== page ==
Buell Ulysses XB12XT - First Ride

Finally, A Long-Distance Adventure-Tourer For Short People

By Marty Estes, Photography by Kevin Wing

The original Ulysses XB12X, launched in 2006, was the first Buell developed to venture off-road. It proved a capable adventure-sport bike from the start, and is still the favorite Buell of many of the Motorcyclist staff. But Erik Buell knows the majority of Ulysses owners never set foot in the dirt. To make the original bike off-road-capable, he and his team were forced to make certain compromises. One of which-longer suspension travel-created a towering seat height that scared off shorter and/or less experienced riders. So for '08 there are two Ulysses models: the original XB12X and the new XB12XT.

What's the difference? Some thoughtful selections from the Buell accessories catalog grace the latter, such as a lockable top box and hard bags, tall windscreen and heated handgrips. Gone is the motocross-style front fender, replaced by a streetbike-style unit that hugs the front tire. Perhaps most significantly, however, the suspension has been re-calibrated for street use and lowered by 1.5 inches. The fork is completely new, with smaller-diameter tubes. The shorter-travel suspension affected wheelbase, trail and ground clearance, but most normal-sized riders will appreciate the 1.1-inch reduction in seat height. Freed from the need to survive off-road shenanigans, the cast-aluminum wheels are each nearly a pound lighter and shod with Pirelli Diablo Strada sport-touring tires. But while unsprung weight is reduced, the bike itself gained 40 pounds, much of which is the luggage. Fortunately, it's removable.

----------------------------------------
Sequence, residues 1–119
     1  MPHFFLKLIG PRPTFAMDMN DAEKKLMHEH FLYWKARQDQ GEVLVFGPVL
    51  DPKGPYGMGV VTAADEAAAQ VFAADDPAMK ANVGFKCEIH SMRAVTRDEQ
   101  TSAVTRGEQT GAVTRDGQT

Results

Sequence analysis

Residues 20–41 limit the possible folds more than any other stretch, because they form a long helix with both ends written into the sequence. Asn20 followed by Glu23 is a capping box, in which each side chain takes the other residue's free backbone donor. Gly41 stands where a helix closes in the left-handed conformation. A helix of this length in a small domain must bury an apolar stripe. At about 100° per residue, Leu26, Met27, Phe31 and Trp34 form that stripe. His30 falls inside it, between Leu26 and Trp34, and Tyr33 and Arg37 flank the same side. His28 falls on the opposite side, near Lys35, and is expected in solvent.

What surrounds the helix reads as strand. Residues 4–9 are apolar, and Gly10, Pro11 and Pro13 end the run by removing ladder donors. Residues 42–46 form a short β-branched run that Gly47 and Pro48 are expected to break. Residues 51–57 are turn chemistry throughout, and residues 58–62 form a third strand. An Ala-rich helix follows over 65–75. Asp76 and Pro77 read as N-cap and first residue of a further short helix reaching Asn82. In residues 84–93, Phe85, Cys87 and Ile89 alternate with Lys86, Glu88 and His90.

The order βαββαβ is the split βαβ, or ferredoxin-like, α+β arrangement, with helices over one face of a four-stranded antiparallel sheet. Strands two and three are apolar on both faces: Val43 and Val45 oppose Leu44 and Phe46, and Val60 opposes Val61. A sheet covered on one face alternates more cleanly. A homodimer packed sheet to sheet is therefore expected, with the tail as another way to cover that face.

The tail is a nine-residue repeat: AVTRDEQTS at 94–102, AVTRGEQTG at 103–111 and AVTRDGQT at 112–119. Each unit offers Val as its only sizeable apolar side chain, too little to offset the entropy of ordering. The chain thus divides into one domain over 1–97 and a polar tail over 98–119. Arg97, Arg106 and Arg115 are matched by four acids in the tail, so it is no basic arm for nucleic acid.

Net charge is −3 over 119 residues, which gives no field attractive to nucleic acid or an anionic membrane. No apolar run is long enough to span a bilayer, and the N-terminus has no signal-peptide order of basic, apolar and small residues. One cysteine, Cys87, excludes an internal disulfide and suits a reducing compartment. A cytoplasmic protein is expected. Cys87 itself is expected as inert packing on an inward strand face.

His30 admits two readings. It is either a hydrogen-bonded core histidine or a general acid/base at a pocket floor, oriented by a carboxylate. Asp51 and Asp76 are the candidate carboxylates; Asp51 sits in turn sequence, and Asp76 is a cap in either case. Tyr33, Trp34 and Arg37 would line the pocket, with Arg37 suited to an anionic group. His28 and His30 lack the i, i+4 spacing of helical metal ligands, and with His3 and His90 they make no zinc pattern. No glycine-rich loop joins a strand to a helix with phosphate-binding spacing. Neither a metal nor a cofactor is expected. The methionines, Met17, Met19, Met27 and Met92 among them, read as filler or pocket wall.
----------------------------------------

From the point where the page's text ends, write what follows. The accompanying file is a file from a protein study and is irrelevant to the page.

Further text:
Buell's trademark Harley-Davidson Sport-ster-based Thunderstorm V-Twin has been lightly massaged across the entire '08 XB lineup, with a larger-diameter crankpin and improved oiling system resulting in a 7100-rpm redline, 300 revs higher than before. Peak output remains the same at a claimed 103 bhp and 84 lb.-ft. of torque. Other details are classic Buell: fuel in the frame, oil in the swingarm, muffler underneath the engine, ZTL perimeter front brake rotor and Triple Tail backrest.